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93/S Project

I bought a few 1893 U-Fixem's a while back. One had a bent barrel, so I decided to put a new barrel on it. I got two of the Swedish Mauser barrels from Samco as these seem to be the same profile as the Turkish barrels. This turned out to be true. This project has been going on for more months than I care to admit. I work in spurts and it has taken me quite a long time. Part of the reason for the delay is the cost. I've found that if I spend $50 or so at a time spread out over a year or so, I won't notice the real costs of the project. I made a list of all the tools that I've acquired for this project at the bottom of the page.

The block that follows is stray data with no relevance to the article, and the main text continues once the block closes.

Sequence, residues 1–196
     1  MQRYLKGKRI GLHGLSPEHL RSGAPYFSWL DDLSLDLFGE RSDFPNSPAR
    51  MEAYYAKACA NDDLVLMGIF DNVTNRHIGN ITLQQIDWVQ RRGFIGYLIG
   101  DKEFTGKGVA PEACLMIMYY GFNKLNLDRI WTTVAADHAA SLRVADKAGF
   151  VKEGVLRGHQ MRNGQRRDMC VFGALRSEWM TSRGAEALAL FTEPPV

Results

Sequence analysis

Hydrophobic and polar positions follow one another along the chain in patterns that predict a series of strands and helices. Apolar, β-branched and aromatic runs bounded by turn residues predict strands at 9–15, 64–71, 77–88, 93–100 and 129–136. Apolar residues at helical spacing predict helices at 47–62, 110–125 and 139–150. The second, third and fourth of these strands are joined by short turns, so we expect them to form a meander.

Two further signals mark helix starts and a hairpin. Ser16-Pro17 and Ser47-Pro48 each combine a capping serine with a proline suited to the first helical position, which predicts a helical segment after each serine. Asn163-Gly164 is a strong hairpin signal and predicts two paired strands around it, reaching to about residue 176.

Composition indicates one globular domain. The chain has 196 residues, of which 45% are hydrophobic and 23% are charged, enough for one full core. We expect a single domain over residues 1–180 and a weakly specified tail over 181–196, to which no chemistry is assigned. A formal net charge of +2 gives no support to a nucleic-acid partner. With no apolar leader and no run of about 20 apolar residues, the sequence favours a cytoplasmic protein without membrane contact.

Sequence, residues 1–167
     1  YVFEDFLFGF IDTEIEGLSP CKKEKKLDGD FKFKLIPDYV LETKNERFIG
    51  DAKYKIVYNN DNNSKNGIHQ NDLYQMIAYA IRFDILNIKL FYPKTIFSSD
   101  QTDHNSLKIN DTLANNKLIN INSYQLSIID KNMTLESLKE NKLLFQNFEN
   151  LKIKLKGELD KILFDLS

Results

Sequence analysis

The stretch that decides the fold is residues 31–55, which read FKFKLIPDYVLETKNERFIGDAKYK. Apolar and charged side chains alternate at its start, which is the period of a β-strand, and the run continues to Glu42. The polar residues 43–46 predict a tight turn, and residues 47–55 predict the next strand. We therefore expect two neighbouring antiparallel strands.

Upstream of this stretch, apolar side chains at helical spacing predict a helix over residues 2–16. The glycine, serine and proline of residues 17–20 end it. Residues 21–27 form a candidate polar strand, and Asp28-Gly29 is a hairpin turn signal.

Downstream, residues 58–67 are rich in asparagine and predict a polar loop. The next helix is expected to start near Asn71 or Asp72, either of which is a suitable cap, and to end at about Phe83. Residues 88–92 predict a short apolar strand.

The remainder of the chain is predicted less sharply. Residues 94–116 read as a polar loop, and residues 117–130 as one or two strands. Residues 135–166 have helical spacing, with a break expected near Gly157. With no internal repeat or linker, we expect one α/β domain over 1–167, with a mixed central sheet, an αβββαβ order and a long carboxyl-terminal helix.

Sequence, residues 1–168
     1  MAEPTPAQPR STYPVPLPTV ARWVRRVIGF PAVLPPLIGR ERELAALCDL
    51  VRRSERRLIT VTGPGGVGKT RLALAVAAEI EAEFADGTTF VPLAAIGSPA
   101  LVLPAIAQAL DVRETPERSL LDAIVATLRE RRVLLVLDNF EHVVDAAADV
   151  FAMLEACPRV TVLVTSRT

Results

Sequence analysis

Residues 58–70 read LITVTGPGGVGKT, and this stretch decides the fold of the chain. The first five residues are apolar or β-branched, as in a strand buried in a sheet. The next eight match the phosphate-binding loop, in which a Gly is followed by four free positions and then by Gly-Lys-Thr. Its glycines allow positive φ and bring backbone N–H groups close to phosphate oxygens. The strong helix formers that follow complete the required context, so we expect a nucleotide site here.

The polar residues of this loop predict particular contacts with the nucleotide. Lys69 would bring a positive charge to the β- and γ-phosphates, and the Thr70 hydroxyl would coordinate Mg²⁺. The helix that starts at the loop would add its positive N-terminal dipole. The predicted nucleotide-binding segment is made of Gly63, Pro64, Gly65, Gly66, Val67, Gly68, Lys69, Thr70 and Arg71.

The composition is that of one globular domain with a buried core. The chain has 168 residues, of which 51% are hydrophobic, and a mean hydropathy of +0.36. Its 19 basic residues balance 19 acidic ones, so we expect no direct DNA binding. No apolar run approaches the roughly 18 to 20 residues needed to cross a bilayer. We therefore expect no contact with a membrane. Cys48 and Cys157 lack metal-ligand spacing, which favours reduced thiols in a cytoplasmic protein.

The Swedish Mauser Barrel

I bought the 29 inch ones from Samco for $70. These are nicely blued, with a small amount of grease in the bore. The only markings on my barrels where "210 STAD F" and  a C/K thing.. They look to be worth the price. One of the employees at Samco said they had lots of them. I put a Remington made Swedish Mauser case into the chamber and it swallows the case as much as you would want. These aren't short chambered barrels.

"210 STAD F"

Preparing the receiver

I took the old bent barrel off using the Wheeler Engineering barrel vise and receiver wrench. This was pretty simple. I removed the sights by heating them with a torch and applying a little force. I sprayed down the stripped receiver with carb cleaner and then cold blued it with BWC PermaBlue. This didn't give a great finish, but certainly a lot better than the old finish. I probably should have polished the receiver before blueing it, but I just didn't do it. I did polish the bolt and it looks a lot better.